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Game all; dealer West


4 K J 9

! 3 2

# A K 6

2 A K J 10 3

West East

4 A 2 4 6 5 4

! A Q 10 9 8 ! J 7 5

# Q J 9 8 7 3 # 10 4 2

2 none 2 Q 9 5 4


4 Q 10 8 7 3

! K 6 4

# 5

2 8 7 6 2

This was not an easy problem for declarer to solve in spite of having all the necessary clues. In practice he failed by one trick and claimed there was no winning line. But was he right?

West opened One Diamond, North doubled (planning to follow with a no- trump bid), and South responded One Spade. West, in spite of his partner's pass, felt that he was worth a jump reverse to Three hearts. With the choice of a possibly inadequate penalty or a dubious leap to game, North bid Four Spades and all passed.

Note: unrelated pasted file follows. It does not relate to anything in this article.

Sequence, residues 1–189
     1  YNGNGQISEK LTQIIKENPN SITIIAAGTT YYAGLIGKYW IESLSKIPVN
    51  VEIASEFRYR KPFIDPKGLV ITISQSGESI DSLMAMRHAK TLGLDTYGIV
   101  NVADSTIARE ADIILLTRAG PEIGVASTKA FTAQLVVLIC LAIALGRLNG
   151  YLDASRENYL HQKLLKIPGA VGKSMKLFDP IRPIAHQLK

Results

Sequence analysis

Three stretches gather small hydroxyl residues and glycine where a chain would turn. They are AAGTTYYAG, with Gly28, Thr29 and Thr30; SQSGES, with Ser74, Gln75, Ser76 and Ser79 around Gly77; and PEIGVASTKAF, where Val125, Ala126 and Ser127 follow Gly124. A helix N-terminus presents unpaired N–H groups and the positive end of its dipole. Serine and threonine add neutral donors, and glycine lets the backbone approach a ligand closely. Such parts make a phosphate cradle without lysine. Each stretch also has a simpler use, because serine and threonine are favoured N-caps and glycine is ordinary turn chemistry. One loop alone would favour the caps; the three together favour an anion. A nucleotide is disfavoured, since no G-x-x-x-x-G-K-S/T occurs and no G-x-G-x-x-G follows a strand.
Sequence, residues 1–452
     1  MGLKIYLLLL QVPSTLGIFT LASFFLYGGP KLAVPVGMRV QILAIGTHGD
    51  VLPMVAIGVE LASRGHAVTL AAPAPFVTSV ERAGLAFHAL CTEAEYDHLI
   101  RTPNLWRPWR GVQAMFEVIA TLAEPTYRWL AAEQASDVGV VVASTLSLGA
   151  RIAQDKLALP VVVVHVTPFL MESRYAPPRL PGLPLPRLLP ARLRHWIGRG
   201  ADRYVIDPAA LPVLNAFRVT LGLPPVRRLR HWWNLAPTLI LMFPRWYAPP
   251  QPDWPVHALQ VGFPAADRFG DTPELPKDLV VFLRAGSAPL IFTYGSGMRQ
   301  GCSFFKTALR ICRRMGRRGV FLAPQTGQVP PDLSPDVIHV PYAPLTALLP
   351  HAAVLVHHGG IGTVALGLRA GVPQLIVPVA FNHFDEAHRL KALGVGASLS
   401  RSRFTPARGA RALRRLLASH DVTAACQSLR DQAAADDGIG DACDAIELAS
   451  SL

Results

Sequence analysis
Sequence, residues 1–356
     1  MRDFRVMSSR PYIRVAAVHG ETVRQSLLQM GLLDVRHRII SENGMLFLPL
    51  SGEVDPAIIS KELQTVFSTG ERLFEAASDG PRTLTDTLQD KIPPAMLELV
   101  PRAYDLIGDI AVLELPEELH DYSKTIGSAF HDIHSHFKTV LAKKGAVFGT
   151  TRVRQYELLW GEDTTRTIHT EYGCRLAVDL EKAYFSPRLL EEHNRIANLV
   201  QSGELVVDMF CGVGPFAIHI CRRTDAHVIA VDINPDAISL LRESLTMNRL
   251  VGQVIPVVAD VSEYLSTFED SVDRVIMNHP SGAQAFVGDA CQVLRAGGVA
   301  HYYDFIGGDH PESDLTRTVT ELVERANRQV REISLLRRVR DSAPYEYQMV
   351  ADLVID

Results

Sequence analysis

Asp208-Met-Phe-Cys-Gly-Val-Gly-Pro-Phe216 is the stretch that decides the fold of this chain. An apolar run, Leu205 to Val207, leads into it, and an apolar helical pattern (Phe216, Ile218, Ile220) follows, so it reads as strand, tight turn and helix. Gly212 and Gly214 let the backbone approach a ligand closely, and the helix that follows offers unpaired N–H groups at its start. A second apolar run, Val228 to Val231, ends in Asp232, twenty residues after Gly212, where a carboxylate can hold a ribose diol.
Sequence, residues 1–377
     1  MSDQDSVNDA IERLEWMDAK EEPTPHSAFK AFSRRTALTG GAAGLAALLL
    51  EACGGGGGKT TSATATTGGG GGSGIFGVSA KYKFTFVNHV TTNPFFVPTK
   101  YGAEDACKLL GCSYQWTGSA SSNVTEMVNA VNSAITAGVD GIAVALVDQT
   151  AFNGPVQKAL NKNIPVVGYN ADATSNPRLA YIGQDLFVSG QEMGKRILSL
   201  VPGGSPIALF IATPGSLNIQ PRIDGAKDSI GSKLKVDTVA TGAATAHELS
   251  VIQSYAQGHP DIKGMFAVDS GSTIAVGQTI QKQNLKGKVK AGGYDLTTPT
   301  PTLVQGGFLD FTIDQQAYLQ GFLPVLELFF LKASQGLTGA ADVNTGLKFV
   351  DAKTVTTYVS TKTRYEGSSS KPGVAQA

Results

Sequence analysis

After the lead of the queen of diamonds, declarer played three rounds of the suit, ruffing in hand, then led a sneaky ten of spades. It did not help: West took his ace and exited with a trump. When East got in with the queen of clubs, his heart return scuppered the contract.

Any thoughts? Try letting the queen of diamonds win! The idea is to discard two clubs on top diamonds, then start on trumps. As before, West wins the first round and gets off lead with another spade. The ace and king of clubs are cashed and a ruffing finesse against East's queen establishes two winners.

Was this play far-fetched? Not really, for surely West was 6-5 in the red suits for his vulnerable bidding. All that was needed was to find him with precisely the ace and another trump as well.